anGie seah

b. 1979 in Singapore
Working in Singapore
Showing at Asia Society Museum
On view from March 16, 2021, through June 27, 2021
Angie Seah From Shadow to Shama

anGie seah, From Shadow to Shaman, 2015. Instructions, clay hammers, spotlight, and public participation. Dimensions variable. Courtesy of the artist. Photograph courtesy of the artist

anGie seah, From Shadow to Shaman, 2015

anGie seah, From Shadow to Shaman, 2015. Instructions, clay hammers, spotlight, and public participation. Dimensions variable. Courtesy of the artist. Photograph by Anne Simonnot

anGie seah, From Shadow to Shaman, 2015

anGie seah, From Shadow to Shaman, 2015. Instructions, clay hammers, spotlight, and public participation. Dimensions variable. Courtesy of the artist. Photograph courtesy of the artist

anGie seah, From Shadow to Shaman, 2015

anGie seah, From Shadow to Shaman, 2015. Instructions, clay hammers, spotlight, and public participation. Dimensions variable. Courtesy of the artist. Photograph courtesy of the artist

anGie seah’s work encompasses drawing, sculpture, and sound-based performance. Her fascination with mysticism and sacred music has led her to investigate the ways that ritual and mystery permeate everyday life. A key artistic strategy in her work is a reliance on spontaneity, allowing chance and intuition to function as tools to navigate one through shifting emotional resonances and psychological states. For more than a decade, seah has been creating participatory art projects with communities locally and internationally.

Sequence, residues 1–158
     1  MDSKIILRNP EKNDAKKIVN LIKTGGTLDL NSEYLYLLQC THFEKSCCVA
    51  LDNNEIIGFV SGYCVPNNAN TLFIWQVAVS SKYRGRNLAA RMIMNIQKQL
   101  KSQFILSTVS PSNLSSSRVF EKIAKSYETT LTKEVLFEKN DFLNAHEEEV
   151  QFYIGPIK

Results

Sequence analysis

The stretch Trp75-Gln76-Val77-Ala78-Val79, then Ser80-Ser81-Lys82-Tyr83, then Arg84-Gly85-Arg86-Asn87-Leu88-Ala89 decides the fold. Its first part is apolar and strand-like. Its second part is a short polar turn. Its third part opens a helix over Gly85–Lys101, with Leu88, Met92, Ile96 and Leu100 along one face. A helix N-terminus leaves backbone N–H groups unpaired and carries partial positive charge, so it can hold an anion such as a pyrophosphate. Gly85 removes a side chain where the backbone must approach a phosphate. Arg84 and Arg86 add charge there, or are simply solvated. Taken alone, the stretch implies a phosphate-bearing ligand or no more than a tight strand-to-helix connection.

From Shadow to Shaman is made up of three elements: a participatory installation, a solo performance, and a collective performance. The installation, centered on hundreds of low-fired clay hammers, is accompanied by a single-channel video and an instruction guide that encourages the visitor to enact a sequence of physical and vocal actions meant to provide a cathartic release. These autonomous actions are wake-up calls for reinventing mundane objects into tools to express our lives in the moment. A sequence of vocal cries and shouts epitomizes the artist’s belief in the ability of one’s voice to bring forth something from deep within one’s body. 

Supported by Lauren Bogen and Richard Nijkerk, and Vinod and Adele Nair.